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Residential Clothes Dryers

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Manufacturers have been required to comply with the Department of Energy's (DOE) energy conservation standards for residential clothes dryers since 1988. Residential clothes dryers use a tumble-type drum with forced air circulation to dry clothes. They are commonly used in homes, but are also used in some dormitory, apartment, or small business settings.

The current standard will save approximately 0.9 quads of energy and result in approximately $9.6 billion in energy bill savings for products shipped from 1994-2023. The standard will avoid about 50.3 million metric tons of carbon dioxide emissions, equivalent to the annual greenhouse gas emissions of 9.9 million automobiles.

An amended standard, which requires compliance in 2015, will save approximately 0.6 quads of energy and result in approximately $9.3 billion in energy bill savings from 2014-2043. The standard will avoid about 28.7 million metric tons of carbon dioxide emissions, equivalent to the annual greenhouse gas emissions of 5.6 million automobiles.


Recent Updates | Standards | Test Procedures | Waiver, Exception, and Exemption Information | Statutory Authority | Historical Information | Contact Information


Recent Updates

DOE published a final rule regarding test procedures for residential clothes dryers. 78 FR 49608 (August 14, 2013). For more information, see the rulemaking webpage.


Standards for Residential Clothes Dryers

The following content summarizes the energy factor requirements and amended standards of DOE's regulations. The text is not an official reproduction of the Code of Federal Regulations and should not be used for legal research or citation.

Current Standard

Clothes dryers manufactured and distributed in commerce, as defined by 42 U.S.C. 6291(16), on or after May 14, 1994 must meet the energy conservation standards specified in the Code of Federal Regulations, 10 CFR 430.32(h)(2). This information is also available in the Electronic Code of Federal Regulations.

Table 1. Energy Conservation Standards for Residential Clothes Dryers
Product Class Energy Factor (pounds/kWh)
Manufactured On or After May 14, 1994:
1. Electric, Standard (4.4 ft3 or greater capacity) 3.01
2. Electric, Compact (120V) (less than 4.4 ft3 capacity) 3.13
3. Electric, Compact (240V) (less than 4.4 ft3 capacity) 2.90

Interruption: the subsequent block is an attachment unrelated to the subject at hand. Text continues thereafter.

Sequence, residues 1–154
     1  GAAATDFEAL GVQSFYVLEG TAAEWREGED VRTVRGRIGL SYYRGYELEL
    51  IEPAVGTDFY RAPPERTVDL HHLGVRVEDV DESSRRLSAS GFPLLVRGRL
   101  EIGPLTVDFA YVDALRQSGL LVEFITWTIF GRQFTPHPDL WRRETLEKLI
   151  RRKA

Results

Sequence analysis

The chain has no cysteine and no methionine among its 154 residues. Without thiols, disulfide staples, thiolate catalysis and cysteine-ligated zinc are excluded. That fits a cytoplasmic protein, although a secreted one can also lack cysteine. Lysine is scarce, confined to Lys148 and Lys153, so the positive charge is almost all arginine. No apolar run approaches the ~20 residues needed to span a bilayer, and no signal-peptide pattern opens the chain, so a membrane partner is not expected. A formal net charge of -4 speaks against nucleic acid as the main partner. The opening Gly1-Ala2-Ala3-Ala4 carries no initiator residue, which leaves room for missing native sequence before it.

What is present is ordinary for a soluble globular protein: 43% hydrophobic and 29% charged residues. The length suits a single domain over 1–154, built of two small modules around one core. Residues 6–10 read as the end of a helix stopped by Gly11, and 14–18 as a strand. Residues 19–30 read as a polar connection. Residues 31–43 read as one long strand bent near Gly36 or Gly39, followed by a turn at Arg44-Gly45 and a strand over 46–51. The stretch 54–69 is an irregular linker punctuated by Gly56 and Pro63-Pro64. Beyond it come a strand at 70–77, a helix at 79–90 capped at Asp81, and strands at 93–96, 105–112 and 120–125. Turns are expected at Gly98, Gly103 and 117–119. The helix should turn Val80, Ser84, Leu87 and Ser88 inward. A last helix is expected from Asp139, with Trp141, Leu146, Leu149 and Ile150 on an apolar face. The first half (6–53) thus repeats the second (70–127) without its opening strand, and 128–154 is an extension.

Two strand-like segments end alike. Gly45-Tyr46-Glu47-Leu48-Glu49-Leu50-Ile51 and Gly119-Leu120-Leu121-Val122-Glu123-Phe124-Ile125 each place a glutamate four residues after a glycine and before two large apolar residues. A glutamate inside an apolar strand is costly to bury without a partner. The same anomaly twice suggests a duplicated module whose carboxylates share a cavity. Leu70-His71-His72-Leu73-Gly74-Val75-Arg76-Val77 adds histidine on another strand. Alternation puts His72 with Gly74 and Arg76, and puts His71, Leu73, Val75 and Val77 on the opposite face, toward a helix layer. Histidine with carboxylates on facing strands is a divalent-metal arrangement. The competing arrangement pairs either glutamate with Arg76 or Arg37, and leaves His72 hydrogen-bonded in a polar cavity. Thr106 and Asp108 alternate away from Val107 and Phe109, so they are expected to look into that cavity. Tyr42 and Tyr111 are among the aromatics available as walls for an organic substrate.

4. Gas 2.67

In addition, the Energy Policy and Conservation Act (42 U.S.C. 6291 et seq.; EPCA), as amended, requires that gas clothes dryers not be equipped with a constant burning pilot for products manufactured on or after January 1, 1988. (42 U.S.C. 6295(g)(3))

Final Rule, Federal Register, 56 FR 22250 (May 14, 1991). (Note: this publication is not available online.)

For further guidance or to submit questions related to the implementation of this standard, visit the Guidance and Frequently Asked Questions page.

Amended Standard

On August 24, 2011, amended standards were issued for residential clothes dryers. The full text of the amended standard is available in the Code of Federal Regulations, 10 CFR 430.32(h)(3). It is also in the Electronic Code of Federal Regulations. On January 1, 2015, these amended standards will establish new product classes and energy conservation standards for residential clothes dryers, as summarized in the table below. Compliance with these new standards will be required on January 1, 2015.

Table 2. Amended Energy Conservation Standards for Vented and Ventless Residential Clothes Dryers
Product Class Energy Factor (pounds/kWh)
Manufactured or Distributed into Commerce On or After Jan 1, 2015
1. Vented Electric, Standard (4.4 ft3 or greater capacity) 3.73
2. Vented Electric, Compact (120V) (less than 4.4 ft3 capacity) 3.61
3. Vented Electric, Compact (240V) (less than 4.4 ft3 capacity) 3.27
4. Vented Gas 3.30
5. Ventless Electric, Compact (240V) (less than 4.4 ft3 capacity) 2.55